PORTLAND, Ore. — Efforts to recall Oregon Gov. Kate Brown are underway after paperwork was filed Monday by the chairman of the Oregon Republican Party. Now, organizers face an uphill battle to gain the thousands of signatures needed to force a special election in November, according to one expert.

“This is a real, real long shot. It just has never happened in Oregon History – that people have been able to get the signatures,” said Pacific University political scientist Jim Moore.

Recall petitions are nothing new for Oregon governors. Both Democrats and Republicans have faced these efforts in years past, but no group has been able to get enough valid signatures by the 90-day deadline to push it forward.

“The recall is really successful at school board levels, possibly a county commissioner, a city council race, but boy, when you get to a legislative district -- really tough. Statewide, it just hasn't happened," Moore said.

Organizers need 280,050 signatures and they only have three months to do it.

RELATED: Oregon GOP launches effort to recall Gov. Brown

It is the highest number of signatures needed for a gubernatorial recall petition than the state has ever seen before, according to Moore. And that total comes from the number of people who voted in the last governor’s race.

“The trick is in 2018 we had the highest number of voters ever for the governor's race. So, they have to gather more signatures than have ever had to be gathered before, simply because more people turned out.”

Recall petition filings don't come as a shock to Moore, but the chairman's efforts do stand out for one reason in particular.  

"It is somewhat of a surprise because the Republican Party is doing it, rather than citizens who are saying, we're rising up and saying we want to recall the governor. There's one citizen that's filed, but it's not clear if theirs would go anywhere," he said,.

In the paperwork filed by Oregon Republican Party Chairman Bill Currier he cites a number of reasons behind filing the petition writing.

“She has threatened to usurp legislative power with executive orders to implement her failed legislation, deciding single-handedly what is best for Oregon. This is not the Oregon way," the petition says.

The list of reasons includes a multi-billion dollar tax hike for schools, driving privileges for undocumented immigrants, and Brown's announcement that she's willing to use executive powers to implement climate change policies.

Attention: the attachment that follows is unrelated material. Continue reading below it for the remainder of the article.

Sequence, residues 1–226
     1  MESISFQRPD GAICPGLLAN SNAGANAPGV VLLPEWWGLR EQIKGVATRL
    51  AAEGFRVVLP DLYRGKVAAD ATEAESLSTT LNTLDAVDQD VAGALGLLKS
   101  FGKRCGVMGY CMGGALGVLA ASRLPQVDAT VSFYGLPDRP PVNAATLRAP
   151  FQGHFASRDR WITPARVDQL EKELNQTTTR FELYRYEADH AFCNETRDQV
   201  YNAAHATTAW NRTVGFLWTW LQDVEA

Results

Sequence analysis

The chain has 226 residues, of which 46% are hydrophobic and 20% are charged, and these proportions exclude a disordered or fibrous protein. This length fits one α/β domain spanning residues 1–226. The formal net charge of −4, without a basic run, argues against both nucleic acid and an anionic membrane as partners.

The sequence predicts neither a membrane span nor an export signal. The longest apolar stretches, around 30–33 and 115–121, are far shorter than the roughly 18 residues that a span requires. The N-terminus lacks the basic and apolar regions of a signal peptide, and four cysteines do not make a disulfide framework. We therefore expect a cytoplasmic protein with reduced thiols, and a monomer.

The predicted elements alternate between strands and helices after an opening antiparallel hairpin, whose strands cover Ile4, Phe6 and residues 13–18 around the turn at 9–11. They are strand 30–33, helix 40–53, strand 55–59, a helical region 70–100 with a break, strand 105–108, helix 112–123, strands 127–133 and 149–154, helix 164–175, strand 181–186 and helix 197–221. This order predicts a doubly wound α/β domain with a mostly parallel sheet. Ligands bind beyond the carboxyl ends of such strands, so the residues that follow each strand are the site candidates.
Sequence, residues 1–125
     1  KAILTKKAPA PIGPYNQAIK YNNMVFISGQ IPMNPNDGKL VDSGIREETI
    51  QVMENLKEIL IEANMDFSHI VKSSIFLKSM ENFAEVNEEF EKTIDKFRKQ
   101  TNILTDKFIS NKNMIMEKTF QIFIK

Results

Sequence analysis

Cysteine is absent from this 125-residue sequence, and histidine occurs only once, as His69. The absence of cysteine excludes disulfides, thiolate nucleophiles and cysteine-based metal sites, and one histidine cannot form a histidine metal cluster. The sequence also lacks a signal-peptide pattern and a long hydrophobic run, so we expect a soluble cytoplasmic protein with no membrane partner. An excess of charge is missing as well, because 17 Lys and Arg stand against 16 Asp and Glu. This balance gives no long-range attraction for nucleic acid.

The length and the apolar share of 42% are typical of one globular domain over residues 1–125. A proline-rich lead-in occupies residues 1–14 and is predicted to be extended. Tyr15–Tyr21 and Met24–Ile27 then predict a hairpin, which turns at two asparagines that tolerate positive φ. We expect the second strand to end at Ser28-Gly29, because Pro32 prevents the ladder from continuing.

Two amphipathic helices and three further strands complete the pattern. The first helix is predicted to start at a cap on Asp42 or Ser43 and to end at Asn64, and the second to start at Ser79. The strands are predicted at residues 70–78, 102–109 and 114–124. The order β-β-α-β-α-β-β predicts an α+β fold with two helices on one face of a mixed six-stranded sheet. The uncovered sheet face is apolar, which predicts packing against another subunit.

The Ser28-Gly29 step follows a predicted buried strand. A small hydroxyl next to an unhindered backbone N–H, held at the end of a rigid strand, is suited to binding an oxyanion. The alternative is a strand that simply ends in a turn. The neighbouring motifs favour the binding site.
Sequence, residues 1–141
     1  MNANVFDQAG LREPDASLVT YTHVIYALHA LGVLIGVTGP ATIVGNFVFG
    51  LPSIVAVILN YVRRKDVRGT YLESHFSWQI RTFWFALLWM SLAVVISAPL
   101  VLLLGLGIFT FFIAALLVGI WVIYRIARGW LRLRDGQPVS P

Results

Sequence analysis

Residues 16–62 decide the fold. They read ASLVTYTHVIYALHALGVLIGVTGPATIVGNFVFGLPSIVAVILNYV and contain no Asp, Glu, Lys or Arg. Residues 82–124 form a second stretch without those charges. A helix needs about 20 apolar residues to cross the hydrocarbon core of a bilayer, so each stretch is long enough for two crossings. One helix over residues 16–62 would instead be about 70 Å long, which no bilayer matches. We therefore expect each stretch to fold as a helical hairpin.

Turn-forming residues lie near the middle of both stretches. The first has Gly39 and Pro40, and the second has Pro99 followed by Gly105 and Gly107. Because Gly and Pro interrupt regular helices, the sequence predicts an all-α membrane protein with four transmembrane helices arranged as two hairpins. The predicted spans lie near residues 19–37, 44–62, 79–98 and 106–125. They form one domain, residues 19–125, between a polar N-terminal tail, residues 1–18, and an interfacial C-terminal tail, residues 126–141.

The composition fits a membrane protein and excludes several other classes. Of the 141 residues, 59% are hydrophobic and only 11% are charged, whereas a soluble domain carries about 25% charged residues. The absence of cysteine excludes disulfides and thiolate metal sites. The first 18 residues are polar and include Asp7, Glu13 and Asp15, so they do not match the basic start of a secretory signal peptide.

“This is about accountability for governance. We want to stop the abuses of the governor, we want to stop the failures to basically execute the laws of Oregon and stop the pursuit of special interests and political agendas and instead focus on the needs of Oregonians,” Currier said in a radio interview with FM 101 KXL.

Currier acknowledged that getting enough signatures in 90 days will be a challenge, but he believes there is enough energy from multiple groups to get it done. 

“The reason that’s we’re pursuing this is that it’s been very clear that there’s a lot of energy from all of these groups and we’re getting hounded, we’ve been getting hounded daily for a number of weeks on people wanting to get involved; recall the governor, stop this bad legislation,” Currier said to KXL. “And so, we just kind of did the math on it and said the numbers are there. We could do this.”

He did not specify which groups he was referring to.

Thomas Wheatley, political adviser to Gov. Brown, released a statement in response to the recall.

"First, Republicans held the legislative process hostage, now they want to undo the entire election. They claim it's about education funding and addressing climate change. But this is really about [President] Trump's politics descending on Oregon. It has no place here and should go back to the morally corrupt place it came from," he said.

RELATED: Timeline: Oregon GOP walkout over climate change bill

If the governor is recalled, it is a bit unclear who would take over. One part of the Oregon Constitution says the Secretary of State is next in line. But another provision implies the successor must be elected. Oregon’s current Secretary of State, Bev Clarno, was appointed after the death of Dennis Richardson.

The Oregon Supreme Court would likely have to weigh in to settle that dispute. 

A second petition was also filed Monday by a man named Michael Cross. He tells KGW he is the spokesperson behind the #flushdownbrown grassroots campaign.